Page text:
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What is a commercial 4×4? We explain what they are, which are best and why you should consider one for your business

  • What makes a commercial 4×4 different to regular vans and pickups?
  • What they can do and why they might make sense for your business
  • All current models rated, plus some classic and future examples

Written by Luke Wilkinson Published: 22 February 2024 Updated: 22 February 2024

The commercial 4×4 sector consists of passenger off-roaders that have been converted for light commercial vehicle (LCV) use. In this sense, they’re similar to car-derived vans (which are also based on ordinary passenger cars) – but they’re generally much larger and offer far greater off-road capability.

The entire purpose of a commercial 4×4 is to transport tools, equipment and goods over rough terrain. Their ability to easily access the most remote building sites elevates them above pickup trucks and four-wheel drive versions of conventional vans.

The most obvious and famous example of a commercial 4×4 is the old Land Rover Defender. It was loved by farmers, electrical engineers and utility companies alike – all of which have a need to access remote locations to retrieve stray sheep or service electrical pylons. The latest version, called the Land Rover Defender Hard Top, was launched in 2021.

How is a commercial 4×4 different to a regular SUV?

It’s a straightforward conversion. A commercial 4×4 is mechanically identical to a passenger SUV, but its rear seats have been removed and replaced by a large load bed. Any rear side windows are blanked out, too, to keep your tools and equipment out of sight from opportunistic thieves.

To meet commercial vehicle tax regulations, the a commercial 4×4’s rear seat mounting points must be disabled and the removed seats must be destroyed. This is so you can’t put the rear seats back and take unfair advantage of cheap van tax rates while using the 4×4 as a family car.

These days, most commercial 4×4s are fitted with a sturdy bulkhead between the load space and the remaining front seats for added safety – and they often have a mesh portion at the top that allows the driver to see out of the rear windscreen. The rear screen is also typically left in clear glass rather than replaced by a solid panel.

Typical commercial 4x4 load space conversion
Commercial 4×4s are vans based on off-road passenger cars.

The SUVs opening rear side doors also normally remain to provide more convenient access to the load space. Often, you’ll find the now redundant interior trim still attached to these, only without the window switches (as the glass has been replaced by solid panels).

Depending on the vehicle, the rear doors sometimes offer access to additional storage under the load bed. The Land Rover Defender 110 Hardtop and Land Rover Discovery Commercial both have excellent examples of this.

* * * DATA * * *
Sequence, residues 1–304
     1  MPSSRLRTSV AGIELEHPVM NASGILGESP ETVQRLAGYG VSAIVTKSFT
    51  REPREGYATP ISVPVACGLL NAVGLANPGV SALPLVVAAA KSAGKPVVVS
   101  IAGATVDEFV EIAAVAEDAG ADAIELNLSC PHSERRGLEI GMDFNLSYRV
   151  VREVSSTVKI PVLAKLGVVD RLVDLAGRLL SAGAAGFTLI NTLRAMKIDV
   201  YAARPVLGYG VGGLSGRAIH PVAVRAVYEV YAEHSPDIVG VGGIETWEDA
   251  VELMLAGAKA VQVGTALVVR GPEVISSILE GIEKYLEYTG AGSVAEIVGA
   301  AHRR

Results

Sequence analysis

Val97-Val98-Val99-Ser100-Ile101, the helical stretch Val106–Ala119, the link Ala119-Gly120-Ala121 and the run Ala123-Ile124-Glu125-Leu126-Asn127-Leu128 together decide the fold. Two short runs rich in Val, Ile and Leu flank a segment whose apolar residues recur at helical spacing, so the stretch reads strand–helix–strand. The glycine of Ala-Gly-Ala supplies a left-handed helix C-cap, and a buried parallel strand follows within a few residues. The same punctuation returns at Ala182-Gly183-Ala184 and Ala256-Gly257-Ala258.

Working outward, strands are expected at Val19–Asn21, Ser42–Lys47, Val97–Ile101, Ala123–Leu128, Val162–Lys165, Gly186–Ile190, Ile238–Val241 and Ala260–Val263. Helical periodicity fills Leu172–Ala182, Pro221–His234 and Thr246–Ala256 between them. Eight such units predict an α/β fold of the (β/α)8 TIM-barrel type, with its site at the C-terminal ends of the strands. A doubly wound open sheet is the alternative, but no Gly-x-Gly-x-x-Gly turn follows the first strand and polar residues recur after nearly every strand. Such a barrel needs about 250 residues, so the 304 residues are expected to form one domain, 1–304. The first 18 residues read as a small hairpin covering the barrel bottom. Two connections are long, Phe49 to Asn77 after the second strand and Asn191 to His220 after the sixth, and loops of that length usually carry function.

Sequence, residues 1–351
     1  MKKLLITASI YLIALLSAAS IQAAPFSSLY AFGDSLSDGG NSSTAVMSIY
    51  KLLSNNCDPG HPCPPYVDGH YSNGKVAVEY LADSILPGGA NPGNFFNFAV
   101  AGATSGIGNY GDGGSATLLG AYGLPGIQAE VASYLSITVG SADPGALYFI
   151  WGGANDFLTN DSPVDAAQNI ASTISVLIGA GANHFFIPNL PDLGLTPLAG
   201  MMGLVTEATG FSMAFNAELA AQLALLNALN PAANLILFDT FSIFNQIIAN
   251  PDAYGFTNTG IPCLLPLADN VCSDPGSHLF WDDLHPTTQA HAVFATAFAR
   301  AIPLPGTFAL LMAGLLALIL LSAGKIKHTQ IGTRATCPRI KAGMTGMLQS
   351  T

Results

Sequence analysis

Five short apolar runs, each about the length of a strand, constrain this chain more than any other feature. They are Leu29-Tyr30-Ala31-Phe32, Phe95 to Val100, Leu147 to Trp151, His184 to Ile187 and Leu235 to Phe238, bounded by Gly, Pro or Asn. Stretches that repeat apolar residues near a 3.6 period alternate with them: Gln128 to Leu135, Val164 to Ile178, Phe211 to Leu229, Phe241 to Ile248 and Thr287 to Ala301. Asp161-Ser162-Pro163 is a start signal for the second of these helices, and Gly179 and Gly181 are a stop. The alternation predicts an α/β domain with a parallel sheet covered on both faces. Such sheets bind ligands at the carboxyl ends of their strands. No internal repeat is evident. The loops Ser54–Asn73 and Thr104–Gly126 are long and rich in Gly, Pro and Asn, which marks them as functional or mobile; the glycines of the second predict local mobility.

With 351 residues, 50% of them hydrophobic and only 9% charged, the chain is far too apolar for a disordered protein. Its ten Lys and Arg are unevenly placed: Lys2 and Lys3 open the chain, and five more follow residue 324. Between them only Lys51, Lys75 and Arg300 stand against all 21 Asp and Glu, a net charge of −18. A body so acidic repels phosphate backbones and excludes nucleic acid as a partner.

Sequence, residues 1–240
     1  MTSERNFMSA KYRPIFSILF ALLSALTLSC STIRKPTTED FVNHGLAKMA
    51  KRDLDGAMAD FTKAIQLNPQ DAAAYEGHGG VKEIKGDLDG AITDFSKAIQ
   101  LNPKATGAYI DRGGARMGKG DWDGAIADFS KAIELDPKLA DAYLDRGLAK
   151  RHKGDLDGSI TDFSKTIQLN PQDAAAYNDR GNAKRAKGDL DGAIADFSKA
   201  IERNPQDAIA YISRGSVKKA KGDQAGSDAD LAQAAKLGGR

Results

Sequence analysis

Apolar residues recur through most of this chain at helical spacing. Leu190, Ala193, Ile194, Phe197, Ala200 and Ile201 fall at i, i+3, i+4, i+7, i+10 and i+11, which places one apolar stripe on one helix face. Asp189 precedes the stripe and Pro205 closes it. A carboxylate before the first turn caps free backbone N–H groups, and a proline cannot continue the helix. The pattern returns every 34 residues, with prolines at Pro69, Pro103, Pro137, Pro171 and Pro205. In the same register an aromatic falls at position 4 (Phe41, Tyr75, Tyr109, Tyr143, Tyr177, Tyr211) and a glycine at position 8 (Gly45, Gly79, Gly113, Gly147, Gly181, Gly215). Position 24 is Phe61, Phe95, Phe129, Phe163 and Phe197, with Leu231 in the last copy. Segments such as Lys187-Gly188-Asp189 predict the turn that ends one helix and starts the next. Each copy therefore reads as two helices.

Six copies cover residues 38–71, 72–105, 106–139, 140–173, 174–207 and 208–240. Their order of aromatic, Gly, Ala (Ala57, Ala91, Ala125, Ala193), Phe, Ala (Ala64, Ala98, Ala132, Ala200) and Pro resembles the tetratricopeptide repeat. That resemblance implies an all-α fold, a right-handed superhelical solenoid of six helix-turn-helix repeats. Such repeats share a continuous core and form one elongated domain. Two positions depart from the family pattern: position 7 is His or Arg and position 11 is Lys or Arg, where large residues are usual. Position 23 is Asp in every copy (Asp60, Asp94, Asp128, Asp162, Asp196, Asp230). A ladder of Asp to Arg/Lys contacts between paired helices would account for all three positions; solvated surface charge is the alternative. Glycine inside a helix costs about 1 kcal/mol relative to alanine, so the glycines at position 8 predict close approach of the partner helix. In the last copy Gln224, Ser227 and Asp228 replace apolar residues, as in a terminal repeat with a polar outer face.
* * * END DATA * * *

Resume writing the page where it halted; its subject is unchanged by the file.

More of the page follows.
What are the advantages of a commercial 4×4 compared to a van or pickup?

In addition to their off-road prowess, commercial 4×4s benefit from being based on passenger vehicles in three main areas.

First – and this sounds stupid and obvious – but they don’t look like traditional vans. That means they’re less attractive to criminals who target commercial vehicles for tool theft. Commercial 4×4s also have more secure load beds than pickup trucks. Plus, many buyers simply prefer to have something that doesn’t look like a van parked outside their house.

New Land Rover Defender off-roading with conviction
You can’t do this in a Transit.

Secondly, they still drive like the cars they’re based on. In the old Defender’s case, this probably wasn’t such a good thing but, when it comes to modern SUVs, this generally means much greater comfort, refinement and performance than you’ll get out of a modern van – let alone pickups, which are typically cruder still.

Thirdly, since the only changes inside are behind the front seats, the actual driving environment is far better appointed than even a very posh van. Creature comforts and safety equipment abound, and longer journeys stop requiring earplugs and anti-inflammatories.

What are the disadvantages of a commercial 4×4 compared to a van or pickup?

Remember – commercial 4×4s are passenger cars with some of their seats removed. That means vans and pickups can outclass them in some respects to practicality.

So, because they’re basically cars, commercial 4×4s carry lower payloads and have less load space inside (admittedly more so if you’re comparing them against vans). They also have tall loading heights, which means you’ll need to heave whatever you’re carrying a long way off the ground to place it in the back.

New Land Rover Defender Hard Top - towing
Commercial 4×4s aren’t as convenient as vans for carrying stuff.

Commercial 4×4s might not be as robust as a van or pickup, either. They have interiors and components that may not have been engineered for heavy-duty commercial use, and thus may wear out faster, incurring additional costs. Service intervals may also be less convenient.